Filmed with the cloak-and-dagger tension of a noirish thriller, The Insider commands attention and keeps you thirsting for more revelations to come. Scene by scene, the excellent cast performs grippingly. Mr. Pacino may be the marquee lure, but it is Mr. Crowe who steals the picture, unrecognizable from his sexy, two-fisted cop role in L.A. Confidential , with no trace of his Australian accent. As impressive as Mr. Plummer is in the role of Mike Wallace, the great British actor Michael Gambon is even more astonishing as a serpentine American mouthpiece for the tobacco barons, Diane Venora and Lindsay Crouse are perfect as long-suffering wives, and Gina Gershon, in a far cry from her slut portfolio, is chilling as an icy CBS lawyer obsessed with feminist control in a man’s domain.

The Insider is that rare attempt by dedicated filmmakers to uplift, educate, entertain and fire the curiosity about a historic social issue regardless of what the profit potential might be. It is a mature, polished, skillfully researched and carefully examined footnote to millennium-cusp history that tells us something valid and thoughtful about the way we live now while making a little cinematic history of its own.

Tortured Lovers à la Hardy

In the clutch of new releases, don’t miss a haunting British import called Dreaming of Joseph Lees . Its turbulent psychological torments and mordant longings on the windswept Isle of Man are set in 1958, but the rugged landscape and tortured, star-crossed lovers remind me more of Thomas Hardy. The fascinating newcomer Samantha Morton plays Eva, a spinster who lives a dull life working as a secretary in a sawmill and daydreaming of her one great unrequited love for a handsome cousin named Joseph Lees (Rupert Graves) whom she has not seen since she was 14.

Out of loneliness, boredom and sexual need, she moves in with Harry (Lee Ross), a pig farmer whose adoration is never reciprocated. When Joseph returns from Italy after losing his leg in a quarry, Eva’s dreams are finally realized and her passion consummated, but Harry is too weak and dependent to live without her. Harry’s tragic suicide attempt is botched, and Eva is left with two invalids to take care of instead of one, and a bleak future that is left up to the viewer to decide.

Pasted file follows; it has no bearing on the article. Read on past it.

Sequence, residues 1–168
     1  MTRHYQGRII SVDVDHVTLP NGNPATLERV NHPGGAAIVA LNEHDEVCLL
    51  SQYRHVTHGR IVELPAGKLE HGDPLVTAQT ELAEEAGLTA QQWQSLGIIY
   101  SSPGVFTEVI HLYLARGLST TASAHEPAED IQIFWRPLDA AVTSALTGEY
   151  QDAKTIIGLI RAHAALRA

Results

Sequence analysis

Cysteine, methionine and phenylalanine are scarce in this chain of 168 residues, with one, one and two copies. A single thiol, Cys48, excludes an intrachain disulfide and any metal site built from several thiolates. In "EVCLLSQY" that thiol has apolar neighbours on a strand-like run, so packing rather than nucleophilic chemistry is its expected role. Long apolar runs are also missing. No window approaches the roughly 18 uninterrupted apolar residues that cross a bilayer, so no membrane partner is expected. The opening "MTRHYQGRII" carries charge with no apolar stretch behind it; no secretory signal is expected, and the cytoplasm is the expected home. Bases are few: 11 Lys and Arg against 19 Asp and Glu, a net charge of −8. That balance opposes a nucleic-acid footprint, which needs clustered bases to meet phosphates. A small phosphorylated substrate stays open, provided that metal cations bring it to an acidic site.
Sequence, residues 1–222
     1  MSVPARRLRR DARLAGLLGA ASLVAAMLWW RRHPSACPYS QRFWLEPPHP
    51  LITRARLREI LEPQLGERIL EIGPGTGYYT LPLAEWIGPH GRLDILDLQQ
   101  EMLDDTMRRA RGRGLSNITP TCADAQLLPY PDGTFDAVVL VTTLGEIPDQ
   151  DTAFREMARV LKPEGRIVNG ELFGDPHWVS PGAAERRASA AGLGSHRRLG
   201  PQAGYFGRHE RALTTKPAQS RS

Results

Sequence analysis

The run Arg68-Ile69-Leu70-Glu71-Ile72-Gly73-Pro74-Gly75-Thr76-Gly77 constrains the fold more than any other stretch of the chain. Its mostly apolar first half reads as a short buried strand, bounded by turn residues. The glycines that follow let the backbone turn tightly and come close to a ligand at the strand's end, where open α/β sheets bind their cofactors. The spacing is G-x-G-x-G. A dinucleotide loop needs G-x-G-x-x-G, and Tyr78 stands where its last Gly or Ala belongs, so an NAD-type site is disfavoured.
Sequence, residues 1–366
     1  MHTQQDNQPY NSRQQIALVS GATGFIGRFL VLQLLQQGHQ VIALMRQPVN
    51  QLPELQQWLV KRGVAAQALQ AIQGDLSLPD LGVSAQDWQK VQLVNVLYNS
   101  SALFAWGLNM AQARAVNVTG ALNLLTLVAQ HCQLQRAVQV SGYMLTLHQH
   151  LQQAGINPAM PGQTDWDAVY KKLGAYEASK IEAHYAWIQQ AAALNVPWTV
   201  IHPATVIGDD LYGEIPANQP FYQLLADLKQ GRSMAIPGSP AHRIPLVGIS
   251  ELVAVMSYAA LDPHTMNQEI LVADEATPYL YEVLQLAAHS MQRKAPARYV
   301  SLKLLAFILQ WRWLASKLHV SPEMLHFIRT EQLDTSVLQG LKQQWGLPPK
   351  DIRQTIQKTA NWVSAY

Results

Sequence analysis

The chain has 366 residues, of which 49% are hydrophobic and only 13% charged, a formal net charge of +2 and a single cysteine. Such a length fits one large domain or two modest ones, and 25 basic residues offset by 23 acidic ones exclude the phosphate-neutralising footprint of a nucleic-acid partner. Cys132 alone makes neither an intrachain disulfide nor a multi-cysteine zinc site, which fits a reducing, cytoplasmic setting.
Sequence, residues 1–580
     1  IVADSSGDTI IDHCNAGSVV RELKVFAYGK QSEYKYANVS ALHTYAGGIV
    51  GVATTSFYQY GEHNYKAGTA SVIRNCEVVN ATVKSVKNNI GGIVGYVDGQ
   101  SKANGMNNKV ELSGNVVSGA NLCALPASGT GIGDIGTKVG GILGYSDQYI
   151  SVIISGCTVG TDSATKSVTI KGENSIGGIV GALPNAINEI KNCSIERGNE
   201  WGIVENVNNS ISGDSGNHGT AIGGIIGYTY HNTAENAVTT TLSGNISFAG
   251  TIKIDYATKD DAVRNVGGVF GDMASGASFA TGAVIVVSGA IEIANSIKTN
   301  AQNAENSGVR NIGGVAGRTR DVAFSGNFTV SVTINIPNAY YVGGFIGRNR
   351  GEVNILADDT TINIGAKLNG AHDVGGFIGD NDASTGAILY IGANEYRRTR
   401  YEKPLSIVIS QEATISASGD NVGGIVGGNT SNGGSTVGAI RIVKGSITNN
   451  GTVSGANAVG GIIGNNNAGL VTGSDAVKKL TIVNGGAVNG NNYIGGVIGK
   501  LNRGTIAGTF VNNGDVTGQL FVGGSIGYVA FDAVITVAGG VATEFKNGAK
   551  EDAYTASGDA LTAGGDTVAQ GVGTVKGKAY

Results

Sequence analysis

This may sound like melodrama, but the rich cinematography and the deeply wounding sincerity of the performances keep it on the boil. Rupert Graves, most recently seen opposite Natasha Richardson in the Broadway production of Closer , is one of the most appealing and versatile of Britain’s new stars, not to be confused with the swishy, overrated Rupert Everett. Samantha Morton, soon to be seen stealing Woody Allen’s new film Sweet and Lowdown , is an Emily Watson look-alike with a face right out of 1930′s ads for Lydia Pinkham’s beauty creams.

Who Wants to Be Malkovich?

Last, and definitely least, there is Being John Malkovich , an exasperatingly precocious one-joke idea that collapses after the first 20 minutes and drags on numbingly, substituting conceit for substance. John Cusack plays an unemployed puppeteer who goes to work as a file clerk on one-half of an office building floor where everyone has to bend over to reach the water cooler. Behind his filing cabinet, he discovers a rabbit hole through which you can slide into the brain of John Malkovich, the bald, cross-eyed actor with a voice like an unbroken dial tone. The entire cast, which includes Cameron Diaz in an ugly dung-brown wig, Orson Bean and Catherine Keener, takes turns and ends up on the other side of a New Jersey freeway.

Even for freaks who are willing to pay for Terry Gilliam movies, there’s one insurmountably fatal flaw in this wreckage: Who in his own right mind would want to spend one day, one hour, or one minute in the brain of Mr. Malkovich? Directed by somebody with the audacity to call himself Spike Jonze, this hyperthyroidal exercise in loopiness only reminds me how much more I prefer the zaniness of the real Spike Jones, with or without his City Slickers, but the people raving about Being John Malkovich don’t even know what I’m talking about.